Protein and performance

The thump thump of rock music and the crash of dropped weight stacks isn’t the most usual background for a science engagement event but the public who crowded into the yoga studio of Buzz Gym on the evening of 16th October 2018 didn’t seem to mind. As part of the Oxford Science Festival, lead researcher, Professor Susan Jebb, facilitated a discussion around protein and performance together with Maria Reyes, a vegan personal trainer, and Joe Butler, a dedicated body-builder and meat-lover.

Did you know that the average protein consumption in the UK is well above the recommended amount of 56g for men and 45g for women? Susan explained that it was unlikely that most of us weren’t getting enough protein. Protein also lurks in sources you might not expect, for example, 100g of wholemeal bread (around three to four slices) contains over 10g of protein.

Maria explained about how she’d tailored her vegan diet to support intensive body building, while Joe talked the audience through his relentless chicken and rice bulking-up diet. Further discussion ranged over interesting territory as different notions of performance were offered up and tested. High protein diets which might contribute in the short-term to quickly gaining muscle mass could potentially led to negative health effects over time. Susan gently encouraged the audience to consider the longer-term health effects of extreme diets and problematised the notion of performance as immediate athletic ability.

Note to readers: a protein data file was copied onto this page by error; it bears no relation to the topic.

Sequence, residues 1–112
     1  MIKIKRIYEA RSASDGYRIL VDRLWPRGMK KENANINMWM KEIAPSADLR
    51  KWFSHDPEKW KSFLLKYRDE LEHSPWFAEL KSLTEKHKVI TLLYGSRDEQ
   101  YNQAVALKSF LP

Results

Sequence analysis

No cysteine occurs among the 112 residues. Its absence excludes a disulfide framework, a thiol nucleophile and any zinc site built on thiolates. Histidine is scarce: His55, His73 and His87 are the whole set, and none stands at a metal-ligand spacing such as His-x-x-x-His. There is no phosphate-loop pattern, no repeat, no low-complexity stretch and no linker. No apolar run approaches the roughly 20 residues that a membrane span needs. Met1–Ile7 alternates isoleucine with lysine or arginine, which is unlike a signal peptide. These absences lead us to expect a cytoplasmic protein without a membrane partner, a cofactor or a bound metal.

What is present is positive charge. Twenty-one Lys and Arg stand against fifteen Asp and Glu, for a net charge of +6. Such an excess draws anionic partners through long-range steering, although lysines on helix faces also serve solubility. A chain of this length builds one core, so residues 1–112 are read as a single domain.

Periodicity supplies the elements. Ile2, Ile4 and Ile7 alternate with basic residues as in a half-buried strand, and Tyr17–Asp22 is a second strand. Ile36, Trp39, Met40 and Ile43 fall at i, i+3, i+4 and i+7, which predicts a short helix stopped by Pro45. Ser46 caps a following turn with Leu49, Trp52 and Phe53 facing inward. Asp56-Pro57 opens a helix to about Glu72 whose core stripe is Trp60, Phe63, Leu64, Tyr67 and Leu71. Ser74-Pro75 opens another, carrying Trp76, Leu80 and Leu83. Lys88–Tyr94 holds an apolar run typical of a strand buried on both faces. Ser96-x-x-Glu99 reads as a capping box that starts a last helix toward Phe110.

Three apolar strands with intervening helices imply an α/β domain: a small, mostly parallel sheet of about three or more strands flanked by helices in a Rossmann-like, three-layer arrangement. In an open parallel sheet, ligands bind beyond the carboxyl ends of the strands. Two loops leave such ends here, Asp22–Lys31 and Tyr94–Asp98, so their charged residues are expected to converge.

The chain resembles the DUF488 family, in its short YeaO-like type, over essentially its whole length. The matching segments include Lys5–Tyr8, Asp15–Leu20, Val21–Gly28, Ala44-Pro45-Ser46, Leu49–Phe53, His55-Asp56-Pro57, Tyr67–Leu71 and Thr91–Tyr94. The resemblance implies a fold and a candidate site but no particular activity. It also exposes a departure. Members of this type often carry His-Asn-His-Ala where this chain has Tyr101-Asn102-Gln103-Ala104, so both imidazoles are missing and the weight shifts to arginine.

Time was made at the end for the audience to raise any questions they might have and this resulted in a lively discussion around attempts to retain muscle mass and the balance of vitamins needed for health.


Maria Reyes and Joe Butler, Personal Trainers at Buzz Gym

performance and protein
joe butler